[NES 2674] - Midterm Exam Guide - Everything you need to know! (69 pages long)

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Cornell
NES 2674
MIDTERM EXAM
STUDY GUIDE
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Class Introduction:
Bring “The Modern Middle East in Documents” and other primary sources to discussion section
Prepare questions
Short paragraph?
Lecture One:
To what extent is the Ottoman Empire a continuation of the Byzantine Empire?
The turkish language
Kept Byzantine tax & tax bureaucratic infrastructure
If you were paying taxes there was administrative flexibility
Byzantine feudal practices and land tenure
Kingship and courtly rituals
Maintain Greek Orthodox Church to govern local population
Architecture
Did the open-ended governing style of the Ottoman empire help support its longevity?
Rise in Jewish population- expelled Jew from Spain were welcomed within Ottoman
Empire
See slide in lecture presentation
General background information:
Mostly from central Asia, until mass migration that settled in the modern day middle east
and turkey 10th 14th century AD
Through westward movement, converted to Islam
“Clan of Osman” Osman I (1258-1326)
Expansion into NW Anatolia & to Sea of Marmara (1350s) Bursa (became Capital)
Won out against other tribes politically and militarily
Mongols pushed clans further west
Allied with Byzantines against competing E. European principalities
By 1340s Steady expansion into E. Europe
1389 Battle of Kosovo (defeated coalition of Serbs, Hungarians & Bulgarians)
Ottoman Expansion:
Mehmed II (1451-1481)
Captures Constantinople in 1453
Expanded into Serbia, Bosnia, and Greece
Salim I
Expanded in Middle East; Syria (1516) Egypt 1517, and Arabia (1517)
Suleyman the Magnificent (1520-66)
Empire expanded to Hungary, N. Africa, most of M. East
Reaches the gates of Vienna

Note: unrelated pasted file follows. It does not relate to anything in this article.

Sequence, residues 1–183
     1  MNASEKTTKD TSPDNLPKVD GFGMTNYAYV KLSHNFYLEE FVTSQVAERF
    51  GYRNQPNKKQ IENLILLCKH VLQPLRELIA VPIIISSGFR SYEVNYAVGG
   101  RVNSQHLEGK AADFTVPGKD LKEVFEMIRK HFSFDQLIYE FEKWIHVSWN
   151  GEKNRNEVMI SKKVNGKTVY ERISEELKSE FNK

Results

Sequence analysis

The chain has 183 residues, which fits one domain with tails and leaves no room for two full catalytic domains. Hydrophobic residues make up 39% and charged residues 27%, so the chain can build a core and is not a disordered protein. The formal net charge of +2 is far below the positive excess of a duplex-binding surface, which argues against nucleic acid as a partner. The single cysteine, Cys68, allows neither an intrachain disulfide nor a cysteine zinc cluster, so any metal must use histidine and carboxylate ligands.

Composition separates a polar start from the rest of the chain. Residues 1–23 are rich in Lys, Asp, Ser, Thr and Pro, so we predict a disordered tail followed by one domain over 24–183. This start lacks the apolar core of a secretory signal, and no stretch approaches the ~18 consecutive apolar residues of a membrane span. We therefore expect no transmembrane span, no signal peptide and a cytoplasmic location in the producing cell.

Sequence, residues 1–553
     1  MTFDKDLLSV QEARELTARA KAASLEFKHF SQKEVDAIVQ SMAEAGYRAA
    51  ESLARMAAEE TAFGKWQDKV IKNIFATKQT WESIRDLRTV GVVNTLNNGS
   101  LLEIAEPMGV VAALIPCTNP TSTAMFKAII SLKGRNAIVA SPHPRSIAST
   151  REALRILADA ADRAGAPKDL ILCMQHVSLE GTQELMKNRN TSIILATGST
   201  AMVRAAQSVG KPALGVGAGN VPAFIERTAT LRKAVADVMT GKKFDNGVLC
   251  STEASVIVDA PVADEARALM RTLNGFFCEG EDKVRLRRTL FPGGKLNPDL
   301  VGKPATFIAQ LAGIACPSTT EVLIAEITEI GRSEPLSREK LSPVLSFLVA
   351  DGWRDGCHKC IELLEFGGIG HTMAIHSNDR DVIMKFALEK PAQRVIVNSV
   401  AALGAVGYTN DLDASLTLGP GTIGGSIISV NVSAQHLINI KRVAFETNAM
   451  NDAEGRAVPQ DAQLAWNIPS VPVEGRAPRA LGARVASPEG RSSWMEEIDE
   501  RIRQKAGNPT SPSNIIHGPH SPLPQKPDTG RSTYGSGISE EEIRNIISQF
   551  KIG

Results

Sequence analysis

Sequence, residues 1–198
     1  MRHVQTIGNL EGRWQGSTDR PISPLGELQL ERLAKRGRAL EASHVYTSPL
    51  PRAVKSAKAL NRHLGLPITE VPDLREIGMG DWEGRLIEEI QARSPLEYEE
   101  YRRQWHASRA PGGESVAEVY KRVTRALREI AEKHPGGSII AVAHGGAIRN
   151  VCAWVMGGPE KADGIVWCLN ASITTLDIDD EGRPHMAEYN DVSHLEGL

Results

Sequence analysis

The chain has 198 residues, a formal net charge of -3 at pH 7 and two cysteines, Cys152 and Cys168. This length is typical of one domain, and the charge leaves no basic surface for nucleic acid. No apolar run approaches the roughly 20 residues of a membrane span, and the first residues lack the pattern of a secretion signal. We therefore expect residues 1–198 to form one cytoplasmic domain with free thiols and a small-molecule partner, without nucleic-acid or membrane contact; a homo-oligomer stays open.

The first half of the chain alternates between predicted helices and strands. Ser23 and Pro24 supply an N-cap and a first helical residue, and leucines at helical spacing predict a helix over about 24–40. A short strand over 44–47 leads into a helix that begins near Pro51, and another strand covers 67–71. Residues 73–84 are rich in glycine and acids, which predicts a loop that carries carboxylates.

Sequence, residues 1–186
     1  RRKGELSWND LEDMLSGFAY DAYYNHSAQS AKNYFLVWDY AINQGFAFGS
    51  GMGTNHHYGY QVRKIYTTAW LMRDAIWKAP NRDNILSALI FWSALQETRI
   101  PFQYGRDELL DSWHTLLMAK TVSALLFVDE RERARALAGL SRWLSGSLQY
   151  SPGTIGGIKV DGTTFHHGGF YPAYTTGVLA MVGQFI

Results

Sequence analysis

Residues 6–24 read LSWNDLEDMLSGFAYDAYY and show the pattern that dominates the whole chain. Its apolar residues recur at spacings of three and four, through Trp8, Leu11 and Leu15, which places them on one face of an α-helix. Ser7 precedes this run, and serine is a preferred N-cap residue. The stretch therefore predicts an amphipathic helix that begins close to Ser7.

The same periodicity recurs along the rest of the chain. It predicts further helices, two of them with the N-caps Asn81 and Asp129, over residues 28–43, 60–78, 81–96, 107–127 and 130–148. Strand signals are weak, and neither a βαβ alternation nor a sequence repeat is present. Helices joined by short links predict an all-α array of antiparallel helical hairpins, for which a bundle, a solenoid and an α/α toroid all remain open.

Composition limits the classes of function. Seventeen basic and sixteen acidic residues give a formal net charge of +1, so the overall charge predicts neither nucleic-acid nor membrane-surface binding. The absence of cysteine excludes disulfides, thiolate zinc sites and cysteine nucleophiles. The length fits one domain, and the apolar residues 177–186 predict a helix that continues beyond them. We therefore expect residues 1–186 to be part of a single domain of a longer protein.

The expansion occurs in waves.
For what reason was the Byzantine Empire allowing the Ottoman expansion?
Ottoman Organization:
Administrative flexibility (kept local institutions)
Extensive Bureaucracy
Whenever possible… they governed lightly
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Millet System:
Allowed ethnic/ religious minorities to “govern” themselves
Citizens bound by confessional communities (millet)
Each millet set its own law and collection of taxes
Chapter Three: The Ottoman and Safavid Empires
The Mughal, Safavid, and Ottoman Empires were rapidly spreading the word of Islam
Safavid established Shi'ism as the predominant sect of Islam in Iran
Ottomans appointed shari’ah judges to enforce Islamic law
The Ottoman Empire can be considered a European and Middle Eastern power
The Ottoman warriors were driven by the Gazi spirit and desire to push back or convert
other non-muslims while taking their belongings.
On page 36 it says that the Ottoman warriors were not afraid of death because of religious
reasons. The chapter also claims that they attacked muslim and non-muslim targets in the same
frequency. How is this different from other religions? What does this say about Ottoman culture
in general? All for one or one for all? Was there a sense of nationality?
Osman’s son captures Bursa and began his own state, the Ottoman Empire. He was a
giza
Christantople became Istanbul, a thriving metropolis.
Why did people join the Ottoman Empire? Safety? Economic opportunity?
The Ottoman Army was better fed and equipped than their enemies
Defeating the Mamluk Army, the Ottomans incorporated Arab culture into the Empire
Considered Caliphs but didn't use the term until in 19th century to ward off
Europeans
Ottoman administration was absolutist, bureaucratic, agrarian based empire
Reasons for expansion/ ability or Ottoman Empire to remain intact
Giza
Gold, glory
The legacy of Islamic Law in the communal setting
Light governing as long as taxes were paid
The rulers(askerias) and the ruled(reaya), mostly military and religious leaders
received tax exemptions
The ruling elite were highly educated
Uneducated were called turks
The sultan-caliph, the ultimate ruler. All princes competed for the throne, others were
ordered dead.
The grand vizier provided was the main cabinet member to the caliph and could order
things in his name.
Kept the dynasty alive regardless of weak leaders
The Ottoman Slave Elite
The devshirme system produced soldiers for the infantry corps and provided the
Ottoman state with its top-ranking military commanders and civilian
administrators
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find more resources at oneclass.com
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